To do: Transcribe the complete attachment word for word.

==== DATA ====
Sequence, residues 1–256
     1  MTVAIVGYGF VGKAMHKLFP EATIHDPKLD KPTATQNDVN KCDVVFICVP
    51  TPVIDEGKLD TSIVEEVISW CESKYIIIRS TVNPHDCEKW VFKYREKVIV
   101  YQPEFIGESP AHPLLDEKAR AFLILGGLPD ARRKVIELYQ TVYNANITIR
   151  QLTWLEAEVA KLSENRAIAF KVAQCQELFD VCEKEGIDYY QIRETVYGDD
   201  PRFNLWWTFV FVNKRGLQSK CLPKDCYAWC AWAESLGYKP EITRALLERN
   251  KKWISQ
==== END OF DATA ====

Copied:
Sequence, residues 1–256
     1  MTVAIVGYGF VGKAMHKLFP EATIHDPKLD KPTATQNDVN KCDVVFICVP
    51  TPVIDEGKLD TSIVEEVISW CESKYIIIRS TVNPHDCEKW VFKYREKVIV
   101  YQPEFIGESP AHPLLDEKAR AFLILGGLPD ARRKVIELYQ TVYNANITIR
   151  QLTWLEAEVA KLSENRAIAF KVAQCQELFD VCEKEGIDYY QIRETVYGDD
   201  PRFNLWWTFV FVNKRGLQSK CLPKDCYAWC AWAESLGYKP EITRALLERN
   251  KKWISQ